I cook beans quite frequently, and typically soak them overnight then cook them the next day. I don't find that particularly laborious, so I've always wondered why people use pressure cookers. Are there any other advantages besides the time they save?
Besides what Layne mentioned :
If you're at extreme altitudes, you may not be able to get things hot enough to cook. A friend in Boulder, Colorado once mentioned that she can't cook beans without one. (I don't know if that's technically "too long to be practical" or "completely impossible", though)
Also, for pressure cookers that don't release steam as they're cooking, you prevent the aromatic compounds from leaving, resulting in more flavorful food.
Pressure cooking requires much less water than conventional boiling, so food can be ready sooner. Less energy is required than that of boiling, steaming, or oven cooking.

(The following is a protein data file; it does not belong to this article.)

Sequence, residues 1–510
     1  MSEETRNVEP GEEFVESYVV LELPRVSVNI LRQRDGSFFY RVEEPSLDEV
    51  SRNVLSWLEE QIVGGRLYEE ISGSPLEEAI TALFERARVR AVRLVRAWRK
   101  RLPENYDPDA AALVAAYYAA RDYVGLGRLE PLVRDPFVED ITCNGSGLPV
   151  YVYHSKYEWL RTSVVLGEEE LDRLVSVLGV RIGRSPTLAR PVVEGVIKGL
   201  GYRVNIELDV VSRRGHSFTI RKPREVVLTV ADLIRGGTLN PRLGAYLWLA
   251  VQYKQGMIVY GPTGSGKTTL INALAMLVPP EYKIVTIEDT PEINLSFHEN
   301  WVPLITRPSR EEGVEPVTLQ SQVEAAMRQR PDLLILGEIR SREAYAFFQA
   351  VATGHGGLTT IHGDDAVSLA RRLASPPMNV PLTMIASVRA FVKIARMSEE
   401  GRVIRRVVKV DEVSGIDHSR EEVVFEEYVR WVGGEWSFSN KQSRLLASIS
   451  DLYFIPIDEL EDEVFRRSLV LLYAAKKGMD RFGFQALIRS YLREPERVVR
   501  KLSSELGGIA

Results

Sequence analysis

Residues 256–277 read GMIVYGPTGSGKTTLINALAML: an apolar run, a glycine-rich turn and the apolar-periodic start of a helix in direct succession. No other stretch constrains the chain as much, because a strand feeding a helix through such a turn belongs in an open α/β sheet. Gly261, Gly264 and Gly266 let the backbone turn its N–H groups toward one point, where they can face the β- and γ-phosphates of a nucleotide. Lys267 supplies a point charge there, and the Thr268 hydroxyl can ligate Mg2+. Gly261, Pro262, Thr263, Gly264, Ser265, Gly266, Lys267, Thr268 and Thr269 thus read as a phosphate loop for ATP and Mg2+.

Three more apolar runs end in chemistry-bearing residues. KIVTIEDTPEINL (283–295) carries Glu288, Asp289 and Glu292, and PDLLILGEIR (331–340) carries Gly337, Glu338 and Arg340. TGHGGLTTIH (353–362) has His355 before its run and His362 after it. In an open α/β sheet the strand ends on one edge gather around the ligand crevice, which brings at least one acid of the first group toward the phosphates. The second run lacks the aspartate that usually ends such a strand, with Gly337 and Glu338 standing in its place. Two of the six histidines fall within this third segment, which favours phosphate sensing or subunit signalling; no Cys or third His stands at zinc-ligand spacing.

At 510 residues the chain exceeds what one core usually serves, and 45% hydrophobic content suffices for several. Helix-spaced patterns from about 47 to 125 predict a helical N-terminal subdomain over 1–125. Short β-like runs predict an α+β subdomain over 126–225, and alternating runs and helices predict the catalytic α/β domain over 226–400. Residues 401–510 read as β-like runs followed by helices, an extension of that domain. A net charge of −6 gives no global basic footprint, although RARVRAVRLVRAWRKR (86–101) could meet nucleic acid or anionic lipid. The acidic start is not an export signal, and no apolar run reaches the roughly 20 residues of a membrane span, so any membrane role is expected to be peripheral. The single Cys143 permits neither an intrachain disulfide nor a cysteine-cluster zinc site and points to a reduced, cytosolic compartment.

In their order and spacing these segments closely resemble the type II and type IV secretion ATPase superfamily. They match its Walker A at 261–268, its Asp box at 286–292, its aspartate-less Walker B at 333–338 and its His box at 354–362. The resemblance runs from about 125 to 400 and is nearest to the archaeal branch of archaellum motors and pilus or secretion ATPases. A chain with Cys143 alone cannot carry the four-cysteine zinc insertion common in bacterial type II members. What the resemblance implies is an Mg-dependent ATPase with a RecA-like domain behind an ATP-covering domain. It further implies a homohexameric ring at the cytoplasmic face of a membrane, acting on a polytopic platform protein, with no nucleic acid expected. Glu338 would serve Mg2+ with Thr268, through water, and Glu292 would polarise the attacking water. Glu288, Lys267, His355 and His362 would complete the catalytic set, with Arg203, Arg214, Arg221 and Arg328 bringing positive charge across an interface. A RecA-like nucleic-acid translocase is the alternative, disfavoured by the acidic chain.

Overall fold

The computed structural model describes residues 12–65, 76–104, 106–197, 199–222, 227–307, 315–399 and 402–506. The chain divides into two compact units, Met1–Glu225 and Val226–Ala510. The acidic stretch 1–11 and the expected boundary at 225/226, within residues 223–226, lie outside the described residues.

Because of this, vitamins and minerals are not leached (dissolved) away by water, as they would be if food were boiled in large amounts of water. Due to the shorter cooking time, vitamins are preserved relatively well during pressure cooking.
Not only is this steam energy transmitted quickly to food, it is also transmitted rapidly to any micro-organisms that are present, easily killing even the deadliest types that are able to survive at the boiling point. Because of this enhanced germ killing ability, a pressure cooker can be used as an effective sterilizer for jam pots, glass baby bottles, or for water while camping.